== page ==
How vuvuzelas are helping foster coexistence between Kipunji monkeys and Tanzanian farmers

The poor, Critically Endangered Kipunji (Rungwecebus kipunji). So new to science, so close to extinction. And now, conservationists are encouraging locals to blast these monkeys with vuvuzelas!

10% of the Kipunji monkey group was killed in retaliation for crop raiding

But it is with good reason the trumpets, synonymous with the South African football World Cup of 2010, have been re-commissioned: to separate monkeys from local Tanzanian farmers’ crops – all with one cacophonous blast of the vuvuzela.

“We know that Kipunjis raid maize crops in farms that lie adjacent to the montane forests of Mt Rungwe”, explains SOS Grantee, Tim Davenport, WCS Tanzania Director. The Rungwe-Livingstone forest is home to the majority of the world’s remaining Kipunjis but is an area under increasing pressure from human encroachment.

Consequently, finding effective and sustainable solutions to move from conflict to coexistence is a priority. When we heard about the vuvuzelas at the football games, we saw a potential answer to our problem.

In order to conserve the Kipunji, as well as to minimize damage to farmer’s crops, funding from SOS assisted the project team to conduct complementary activities:

1) Training and employing Seasonal Crop Protection officers (SCPOs) to patrol and monitor maize fields at most risk from crop raiding monkeys, while simultaneously

2) Exploring some anti-crop raiding mitigation methods that might be more effective than traditional guarding, chasing and shouting.

Crop-raiding most often occurs during the wet season between January and April. In retaliation for the damage and loss of crops and negative impact on livelihoods, farmers often set snare traps and used dogs to chase away, if not, kill individual monkeys.

From monitoring data of one Kipunji group, it was found that 10% of the group was killed in retaliation for crop raiding over a 2 year period.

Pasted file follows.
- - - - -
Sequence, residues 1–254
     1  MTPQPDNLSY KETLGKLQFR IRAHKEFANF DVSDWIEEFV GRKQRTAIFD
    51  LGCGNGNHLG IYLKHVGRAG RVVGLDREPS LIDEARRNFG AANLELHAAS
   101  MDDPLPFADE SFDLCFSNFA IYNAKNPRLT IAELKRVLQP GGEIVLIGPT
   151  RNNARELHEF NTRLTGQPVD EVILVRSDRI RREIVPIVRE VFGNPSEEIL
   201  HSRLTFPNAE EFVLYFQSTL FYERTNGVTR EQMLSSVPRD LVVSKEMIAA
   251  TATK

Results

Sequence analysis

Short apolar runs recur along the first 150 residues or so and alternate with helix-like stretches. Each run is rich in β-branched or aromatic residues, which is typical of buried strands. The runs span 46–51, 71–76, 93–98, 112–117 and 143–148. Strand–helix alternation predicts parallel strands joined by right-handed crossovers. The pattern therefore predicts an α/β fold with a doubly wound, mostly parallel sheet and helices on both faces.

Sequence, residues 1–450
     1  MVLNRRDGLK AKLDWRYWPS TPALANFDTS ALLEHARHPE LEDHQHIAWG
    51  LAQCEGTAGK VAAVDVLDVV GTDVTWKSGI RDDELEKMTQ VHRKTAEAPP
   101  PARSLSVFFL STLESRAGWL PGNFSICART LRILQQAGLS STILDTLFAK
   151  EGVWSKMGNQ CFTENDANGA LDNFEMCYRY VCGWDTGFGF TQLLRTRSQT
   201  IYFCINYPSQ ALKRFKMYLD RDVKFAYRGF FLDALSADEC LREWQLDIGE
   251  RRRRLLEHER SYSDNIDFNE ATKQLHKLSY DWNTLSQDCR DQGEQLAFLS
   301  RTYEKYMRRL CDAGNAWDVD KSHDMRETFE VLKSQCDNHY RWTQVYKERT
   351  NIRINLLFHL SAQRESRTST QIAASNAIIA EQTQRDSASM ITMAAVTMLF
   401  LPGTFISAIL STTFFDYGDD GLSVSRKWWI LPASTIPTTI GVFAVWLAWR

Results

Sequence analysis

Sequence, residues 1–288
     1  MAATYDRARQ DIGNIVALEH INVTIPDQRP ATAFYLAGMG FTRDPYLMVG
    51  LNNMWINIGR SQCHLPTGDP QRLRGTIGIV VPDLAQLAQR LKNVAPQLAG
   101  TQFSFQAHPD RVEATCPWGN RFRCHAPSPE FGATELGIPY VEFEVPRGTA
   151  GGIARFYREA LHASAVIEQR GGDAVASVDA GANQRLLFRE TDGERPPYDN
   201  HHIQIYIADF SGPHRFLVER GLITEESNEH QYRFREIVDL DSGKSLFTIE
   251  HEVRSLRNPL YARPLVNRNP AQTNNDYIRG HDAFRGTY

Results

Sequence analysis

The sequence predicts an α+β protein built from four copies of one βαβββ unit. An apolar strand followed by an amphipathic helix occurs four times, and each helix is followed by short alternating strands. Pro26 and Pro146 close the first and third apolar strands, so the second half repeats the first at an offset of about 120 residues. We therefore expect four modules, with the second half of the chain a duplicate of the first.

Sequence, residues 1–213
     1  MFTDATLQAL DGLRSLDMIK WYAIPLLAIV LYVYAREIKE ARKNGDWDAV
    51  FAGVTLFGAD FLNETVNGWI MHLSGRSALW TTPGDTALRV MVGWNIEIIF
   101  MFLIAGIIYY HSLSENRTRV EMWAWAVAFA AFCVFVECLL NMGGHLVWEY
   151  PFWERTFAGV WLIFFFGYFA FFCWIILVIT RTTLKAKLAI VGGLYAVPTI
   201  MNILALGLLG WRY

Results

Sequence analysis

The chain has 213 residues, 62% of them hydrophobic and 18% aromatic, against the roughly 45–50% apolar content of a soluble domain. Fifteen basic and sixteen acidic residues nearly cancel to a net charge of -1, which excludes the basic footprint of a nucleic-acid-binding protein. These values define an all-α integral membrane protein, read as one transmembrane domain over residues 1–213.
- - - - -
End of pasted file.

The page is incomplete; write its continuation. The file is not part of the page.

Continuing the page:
As the Kipunji population is just over 1,000 individuals, this represented a significant threat to their species’ survival.

In the 2013 and 2014 wet seasons for example, the SCPOs were locally employed from the villages surrounding Mt. Rungwe.

In total eight SCPOs were deployed in 3 villages to patrol and monitor 45 ‘at risk’ maize fields i.e. those on the forest edge. They worked in pairs and followed a protocol for monitoring the fields and how to act on seeing monkeys on the forest edge.

As a deterrent measure, each team was given a vuvuzela to blow at a short distance from the monkeys as they were about to enter the field to raid maize. As a result of the SCPOs patrols, crop raiding was reduced to a minimum, if not to zero.

Once scared off by the sound of the vuvuzela – it is very loud - the Kipunjis would not return for at least a full day. They do not appear to get used to the sound - but it is a possibility down the line Tim accepts. “All animals learn eventually so you just have to try and keep ahead of the game”.

According to Tim, the project’s work always focuses on the inclusion and participation of the villagers whose lives are most dependent on, and thus also most impacted by, changes to the forest.

In improving mitigation methods to reduce this human-monkey conflict, we make significant steps to ensure the survival of a monkey species that has an important influence on the ecology of the montane forests and therefore on those human communities surrounding them.

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